Developing the Leader Within You

by Jeff Metzger 

I face a big leadership development challenge.  You do too!  There are three arenas of my life where I am continually trying to grow the leader within me:  I want to be better at organizational leadership, people leadership, and self-leadership.  All are challenging, but the biggest challenge is the self-leadership challenge.

Self-leadership is Vital

Developing the leader within you starts with self-leadership.  Don’t just take my word for it.

  • Harry Truman said, “You cannot lead others until you first lead yourself.”
  • My business coach, Michael Hyatt, says, “How we lead ourselves in life impacts how we lead those around us.” 
  • Paul is calling for self-leadership when he calls for continuous, habitual self-examination in 2 Corinthians 13:5 MSG, “Test yourselves to make sure you are solid in the faith. Don’t drift along taking everything for granted.  Give yourselves regular checkups.”
  • Dee Hock, creator, founder, and CEO emeritus of Visa said, “People should spend 50% of their time leading themselves.”

Wow!  Do you spend any time, let alone half your time, deliberately leading yourself?  Being a leader at home, at work, at school, or at church requires that first we learn to lead ourselves.

How Do You Grow Your Leadership? 

What can you do to lead yourself?  What can you do to lead others?  There is no greater example of effective leadership than Jesus.  Discovering and applying the leadership practices on display in Jesus’ life can help grow the leader within you.  Invest time in learning to lead like Jesus.  Do it to be a better disciple, not just a better leader.

To be and lead like Jesus …

Grow Your Character – Be Your Best Self 

Work every day to make sure these self-leadership character qualities of Jesus are part of your life.  Explore the records of Jesus’ life to see his character on display.

  • Integrity (No Shortcuts!) – Matthew 4:1-11

When Jesus began his ministry, he was tempted to take shortcuts to influence.  In every case he said no.  Every leader faces a variety of temptations.  The best leaders live with integrity.

  • Passion (Live with Spirit) – Luke 2:46-47

At the age of twelve Jesus’ passion for God was already on display.  What are you passionate about?  What do others see us get passionate about?

  • Communication (Listen and Share Well) – Mark 1:22

Rarely do we think about our ability to communicate – to hear, understand, and engage with others – as a character issue, but it is.

  • Decisiveness (Do the Right Thing) – Matthew 3:15

In every situation Jesus acted decisively.  At his baptism, in saying “no” to the devil, in engaging other leaders or teaching Jesus took responsibility for doing right.  Leaders always do.


Grow Your Concern – Help Others Thrive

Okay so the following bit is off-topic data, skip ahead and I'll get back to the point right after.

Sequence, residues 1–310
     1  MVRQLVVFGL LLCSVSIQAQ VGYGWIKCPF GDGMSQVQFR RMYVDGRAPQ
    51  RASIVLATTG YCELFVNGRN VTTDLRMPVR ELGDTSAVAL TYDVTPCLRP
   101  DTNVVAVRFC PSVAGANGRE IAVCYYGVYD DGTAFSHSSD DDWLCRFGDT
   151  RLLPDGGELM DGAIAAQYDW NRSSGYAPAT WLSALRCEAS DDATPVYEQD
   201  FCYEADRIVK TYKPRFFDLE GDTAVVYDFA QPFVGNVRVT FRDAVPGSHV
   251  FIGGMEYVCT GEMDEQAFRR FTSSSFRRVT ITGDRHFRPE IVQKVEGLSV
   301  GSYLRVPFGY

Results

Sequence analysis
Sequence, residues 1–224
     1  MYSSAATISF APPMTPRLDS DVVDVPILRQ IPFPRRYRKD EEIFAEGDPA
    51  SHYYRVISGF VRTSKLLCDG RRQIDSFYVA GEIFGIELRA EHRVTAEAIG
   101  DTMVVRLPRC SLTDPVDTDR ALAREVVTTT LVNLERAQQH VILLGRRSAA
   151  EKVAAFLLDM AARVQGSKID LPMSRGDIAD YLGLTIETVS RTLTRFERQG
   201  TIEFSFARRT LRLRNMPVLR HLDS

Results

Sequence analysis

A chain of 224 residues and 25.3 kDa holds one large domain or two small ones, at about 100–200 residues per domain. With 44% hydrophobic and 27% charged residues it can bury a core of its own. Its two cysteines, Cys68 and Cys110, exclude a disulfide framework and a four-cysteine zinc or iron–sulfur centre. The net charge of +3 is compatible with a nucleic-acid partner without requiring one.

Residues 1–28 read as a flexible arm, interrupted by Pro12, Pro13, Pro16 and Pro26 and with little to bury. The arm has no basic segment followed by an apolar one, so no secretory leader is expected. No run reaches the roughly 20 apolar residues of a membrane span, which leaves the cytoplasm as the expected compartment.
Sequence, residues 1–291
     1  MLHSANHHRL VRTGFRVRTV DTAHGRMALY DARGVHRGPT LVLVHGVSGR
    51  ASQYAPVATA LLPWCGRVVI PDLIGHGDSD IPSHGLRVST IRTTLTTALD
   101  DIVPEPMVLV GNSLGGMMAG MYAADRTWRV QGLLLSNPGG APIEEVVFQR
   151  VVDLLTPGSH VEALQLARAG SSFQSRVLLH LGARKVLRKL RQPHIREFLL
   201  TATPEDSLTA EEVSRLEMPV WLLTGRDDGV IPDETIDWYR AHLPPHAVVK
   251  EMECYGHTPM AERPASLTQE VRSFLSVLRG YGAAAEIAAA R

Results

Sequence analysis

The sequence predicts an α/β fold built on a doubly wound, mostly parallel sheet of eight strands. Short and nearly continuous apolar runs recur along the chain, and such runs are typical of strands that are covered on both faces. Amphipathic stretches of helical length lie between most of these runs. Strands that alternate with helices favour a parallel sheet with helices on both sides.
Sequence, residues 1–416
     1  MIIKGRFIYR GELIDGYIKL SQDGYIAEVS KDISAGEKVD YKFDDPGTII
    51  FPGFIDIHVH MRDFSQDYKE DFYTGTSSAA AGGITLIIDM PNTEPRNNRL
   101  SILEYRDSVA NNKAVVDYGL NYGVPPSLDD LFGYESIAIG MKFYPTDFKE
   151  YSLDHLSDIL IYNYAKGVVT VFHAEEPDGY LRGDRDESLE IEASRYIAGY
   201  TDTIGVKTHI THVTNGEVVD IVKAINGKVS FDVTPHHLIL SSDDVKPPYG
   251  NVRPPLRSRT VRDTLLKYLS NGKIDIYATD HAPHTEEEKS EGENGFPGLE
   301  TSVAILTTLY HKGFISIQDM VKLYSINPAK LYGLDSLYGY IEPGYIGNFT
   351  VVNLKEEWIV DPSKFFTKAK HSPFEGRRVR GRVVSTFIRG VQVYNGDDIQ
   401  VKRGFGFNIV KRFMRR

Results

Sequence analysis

The best leaders improve the people around them.  Read Jesus’ biographies to see how he developed people and helped them thrive.

  • Mentor and Coach People – Mark 3:13; Luke 11:1

Leaders grow people.  Jesus poured into people, especially the twelve.  He was with them and for them.  Who are you with and for?

  • Build and Unleash the Team – Luke 10:1-2

Two are better than one.  Jesus expanded his leadership by unleashing teams.

  • Value, Love, and Encourage Everyone – Matthew 9:36; 20:29-34

Jesus loved people, all people.  Do you?  Great leaders value people greatly.

  • Give Great Rewards – Matthew 4:19; Matthew 19:29

Jesus rewarded people by unleashing them to make a difference now and forever.


Grow Your Impact – Produce Positive Results

Jesus went around doing good (Acts 10:38).  He produced positive and beneficial results everywhere he engaged.  Leaders make things better.  Investigate how Jesus produced lasting change.

  • Clarify the Win – Mark 10:42-45

Jesus knew his mission.  Do you?  He was clear about and committed to his purpose.  Are you?

  • Make Good Decisions – John 7:1-10

Jesus knew when to step forward and when to pull back to achieve his purpose.  His decision making was always designed to advance his kingdom agenda.  Great leaders make great decisions.

  • Think Big but Act Small – John 13:1

In the upper room, Jesus was ready to die for the world.  But, he was also sharing with twelve good friends – big and small.

  • Go the Distance – Matthew 26:36-39; Luke 22:39-46

Jesus was unwilling to quit.  He persevered – even to the cross!

  • Live “All In” For the Mission – Luke 9:57-62

Jesus lived this way.  He calls us to do the same.

None of us will ever match Jesus’ character, concern and impact.  But, there are lots of ways to become a better leader in life.  Doing something every day to be more like Jesus is one of the best.  Where will you start to be more like Jesus today?

Moral Authority

by Ken Idleman